Our goal this month is to round out your sales system with clever and desirable upsell options to entice your clients to get the most out of their experience with you (and to get you the most profit). A quick note about terms: In the strictest sense, upselling means selling the client a higher-priced product than the one they were considering. The terms cross-selling and add-on sales describe selling the client additional items beyond the one they were considering. It’s become commonplace to use the word upselling for all methods of achieving a higher sale. For the purposes of this article, we use the broader meaning of upselling.
Building a proper infrastructure in your business is much more important than learning how to take pretty photos. I am not discounting the importance of being a good photographer by any means. I am saying that if you don’t have the processes in place to deliver an excellent overall client experience, eventually nobody will care about your pretty pictures.
For successful sales, you have to create a system that makes getting to your target sale easy and fun. This month, we focus on the role of your price list in making your target sale the easiest way for the client to buy from you. It is not just a list of every product you offer, but a systematic approach of presenting different items and offers that your clients can’t resist.
We’ve all been there. Things just aren’t working out. Jobs aren’t coming in. So you panic. You need work. You need to pay the rent. You need to keep your head above water. This is all about you, you, you. But it’s not about you. It’s all about them.
In today’s photography market, too many new photographers charge based on what they think they are worth, combined with what they see other photographers charging in a rudimentary competitive analysis. This is no way to run a business. I didn’t realize what it cost to be in business until I got my hands on the PPA Benchmark Survey, and when I realized that professional photographers keep only a third of their revenue as profit, it forced me to look at what it was costing to be in business.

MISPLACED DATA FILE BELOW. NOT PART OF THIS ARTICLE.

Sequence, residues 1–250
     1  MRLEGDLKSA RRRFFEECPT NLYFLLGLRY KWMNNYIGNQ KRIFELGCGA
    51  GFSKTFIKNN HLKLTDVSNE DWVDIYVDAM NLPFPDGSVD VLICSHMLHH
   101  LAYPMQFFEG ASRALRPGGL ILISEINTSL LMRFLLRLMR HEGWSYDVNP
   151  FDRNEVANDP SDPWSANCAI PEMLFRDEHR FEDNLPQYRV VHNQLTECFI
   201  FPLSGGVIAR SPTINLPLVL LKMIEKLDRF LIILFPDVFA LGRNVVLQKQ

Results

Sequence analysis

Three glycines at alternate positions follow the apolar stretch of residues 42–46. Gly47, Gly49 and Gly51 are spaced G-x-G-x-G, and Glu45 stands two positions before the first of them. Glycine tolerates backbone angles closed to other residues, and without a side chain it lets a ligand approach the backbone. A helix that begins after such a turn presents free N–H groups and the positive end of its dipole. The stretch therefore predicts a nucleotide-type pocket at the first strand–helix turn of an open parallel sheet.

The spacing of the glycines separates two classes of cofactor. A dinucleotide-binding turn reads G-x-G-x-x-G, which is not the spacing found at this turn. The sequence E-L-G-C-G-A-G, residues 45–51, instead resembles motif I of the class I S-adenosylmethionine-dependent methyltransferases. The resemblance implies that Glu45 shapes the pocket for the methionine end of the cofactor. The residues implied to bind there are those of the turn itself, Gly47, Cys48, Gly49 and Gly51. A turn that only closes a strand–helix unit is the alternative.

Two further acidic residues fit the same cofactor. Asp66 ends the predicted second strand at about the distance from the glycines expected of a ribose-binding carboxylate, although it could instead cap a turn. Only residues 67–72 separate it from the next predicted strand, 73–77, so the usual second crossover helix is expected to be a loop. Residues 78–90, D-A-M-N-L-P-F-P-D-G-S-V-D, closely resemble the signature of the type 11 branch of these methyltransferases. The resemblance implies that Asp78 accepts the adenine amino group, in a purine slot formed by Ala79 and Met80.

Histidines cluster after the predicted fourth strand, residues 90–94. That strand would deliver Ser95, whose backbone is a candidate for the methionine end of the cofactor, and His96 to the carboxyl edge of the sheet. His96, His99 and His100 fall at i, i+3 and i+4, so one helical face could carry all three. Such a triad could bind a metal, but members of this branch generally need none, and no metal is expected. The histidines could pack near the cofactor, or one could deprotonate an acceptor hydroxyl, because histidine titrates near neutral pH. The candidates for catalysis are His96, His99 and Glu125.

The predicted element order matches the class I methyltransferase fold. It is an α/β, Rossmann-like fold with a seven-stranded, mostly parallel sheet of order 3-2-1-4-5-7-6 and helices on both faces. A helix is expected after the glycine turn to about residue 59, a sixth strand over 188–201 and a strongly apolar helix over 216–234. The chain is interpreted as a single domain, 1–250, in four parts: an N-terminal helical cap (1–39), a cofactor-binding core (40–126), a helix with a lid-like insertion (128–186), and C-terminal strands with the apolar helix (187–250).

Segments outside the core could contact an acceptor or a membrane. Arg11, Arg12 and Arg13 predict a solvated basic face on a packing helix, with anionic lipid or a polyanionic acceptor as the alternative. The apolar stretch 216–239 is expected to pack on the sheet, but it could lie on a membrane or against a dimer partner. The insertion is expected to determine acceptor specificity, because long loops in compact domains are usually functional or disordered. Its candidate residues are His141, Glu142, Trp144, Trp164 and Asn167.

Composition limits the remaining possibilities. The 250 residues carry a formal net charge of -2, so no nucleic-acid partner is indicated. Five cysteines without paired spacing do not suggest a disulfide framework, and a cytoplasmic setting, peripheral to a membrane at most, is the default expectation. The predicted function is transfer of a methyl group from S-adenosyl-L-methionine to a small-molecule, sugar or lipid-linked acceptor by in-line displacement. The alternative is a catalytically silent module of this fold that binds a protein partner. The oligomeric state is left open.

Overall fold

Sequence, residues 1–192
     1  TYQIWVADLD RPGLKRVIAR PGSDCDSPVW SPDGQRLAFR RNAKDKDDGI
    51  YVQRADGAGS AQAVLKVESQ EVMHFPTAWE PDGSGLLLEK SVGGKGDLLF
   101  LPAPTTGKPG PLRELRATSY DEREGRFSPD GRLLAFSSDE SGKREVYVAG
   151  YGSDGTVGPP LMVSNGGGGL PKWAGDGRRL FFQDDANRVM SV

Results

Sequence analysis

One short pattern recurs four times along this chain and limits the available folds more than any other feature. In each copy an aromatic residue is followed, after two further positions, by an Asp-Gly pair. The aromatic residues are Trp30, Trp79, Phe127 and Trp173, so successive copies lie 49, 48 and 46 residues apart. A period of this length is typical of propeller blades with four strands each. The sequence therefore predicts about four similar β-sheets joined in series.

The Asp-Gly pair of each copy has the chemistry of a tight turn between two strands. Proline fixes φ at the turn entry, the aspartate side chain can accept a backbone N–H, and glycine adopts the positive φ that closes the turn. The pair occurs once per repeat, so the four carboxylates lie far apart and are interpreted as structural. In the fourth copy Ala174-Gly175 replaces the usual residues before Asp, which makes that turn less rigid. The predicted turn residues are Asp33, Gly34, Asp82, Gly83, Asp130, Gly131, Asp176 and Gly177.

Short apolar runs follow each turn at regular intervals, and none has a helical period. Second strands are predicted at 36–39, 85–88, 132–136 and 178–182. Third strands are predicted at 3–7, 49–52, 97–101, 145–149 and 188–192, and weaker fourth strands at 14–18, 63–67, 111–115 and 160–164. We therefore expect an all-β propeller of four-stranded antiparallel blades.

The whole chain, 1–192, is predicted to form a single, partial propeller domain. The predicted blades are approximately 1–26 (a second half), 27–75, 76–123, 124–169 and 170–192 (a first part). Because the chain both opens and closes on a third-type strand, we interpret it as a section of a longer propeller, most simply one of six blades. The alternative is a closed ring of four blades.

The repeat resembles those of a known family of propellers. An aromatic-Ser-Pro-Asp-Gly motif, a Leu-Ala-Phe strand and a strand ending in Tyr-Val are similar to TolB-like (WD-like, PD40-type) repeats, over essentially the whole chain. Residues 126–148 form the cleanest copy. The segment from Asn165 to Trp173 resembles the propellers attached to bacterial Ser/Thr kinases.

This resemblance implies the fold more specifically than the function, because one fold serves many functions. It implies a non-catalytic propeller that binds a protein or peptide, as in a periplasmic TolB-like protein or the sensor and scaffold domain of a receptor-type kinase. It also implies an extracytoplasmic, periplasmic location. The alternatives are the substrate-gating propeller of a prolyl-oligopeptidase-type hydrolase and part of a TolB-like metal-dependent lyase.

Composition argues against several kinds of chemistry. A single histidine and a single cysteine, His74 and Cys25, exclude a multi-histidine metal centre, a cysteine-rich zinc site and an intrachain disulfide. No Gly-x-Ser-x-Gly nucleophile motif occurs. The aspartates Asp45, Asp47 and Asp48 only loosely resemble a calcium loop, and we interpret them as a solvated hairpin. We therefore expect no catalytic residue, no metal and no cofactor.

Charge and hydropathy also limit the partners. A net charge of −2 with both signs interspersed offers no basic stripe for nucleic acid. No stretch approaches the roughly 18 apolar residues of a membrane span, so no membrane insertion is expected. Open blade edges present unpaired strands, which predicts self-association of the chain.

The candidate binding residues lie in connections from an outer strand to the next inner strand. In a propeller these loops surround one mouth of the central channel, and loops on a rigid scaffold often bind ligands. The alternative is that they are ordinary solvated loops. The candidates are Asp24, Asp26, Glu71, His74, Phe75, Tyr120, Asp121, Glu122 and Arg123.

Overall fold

While February is right in the middle of what many of us refer to as the slow season, that doesn’t mean it should be a quiet stretch for you. Now is the time to do some serious house cleaning and stop procrastinating about the key elements on your website. You know the areas that need attention, but you’ve been hoping to skate by month after month. Well, there’s no reason to let that dripping faucet continue.
It’s the slow season for many of you, so it’s a good time to build a stronger business and work hard to make 2019 your best year yet. Every year, business gets a little harder. It’s the natural progression of consumer trends, technology, marketing and business. While it’s getting tougher, there are also more tools to help you build your business and your brand.
It’s important to set and stick to personal goals before even thinking about your business goals. If you can’t commit to getting to the gym or eating healthier, you will undoubtedly lack the discipline to stick to your much harder business goals. This month, I explore the importance of personal discipline and give you tips to help you hack your 2019. Personal discipline is the foundation for success.
I’m still amazed that so many photographers are clueless about the two most important ingredients to their success: building relationships and fine-tuning their skill set. Great photographers need both. Neither of them ever stops being important. Year after year, I hear photographers say, “If only I had the money for better gear.”
The customer experience is made up of many different parts. The most basic thing to understand is that it is the totality of all of your client’s interactions with your brand, starting from the moment they find you and visit your website, to the final delivery of their album. If you are a portrait photographer, those processes can be fairly quick, but wedding photographers will likely be with their clients for a year or more. Throughout that entire process, there are many different interactions that clients will have with your brand. One hiccup in any of those processes can affect the overall client experience and cost you future revenue.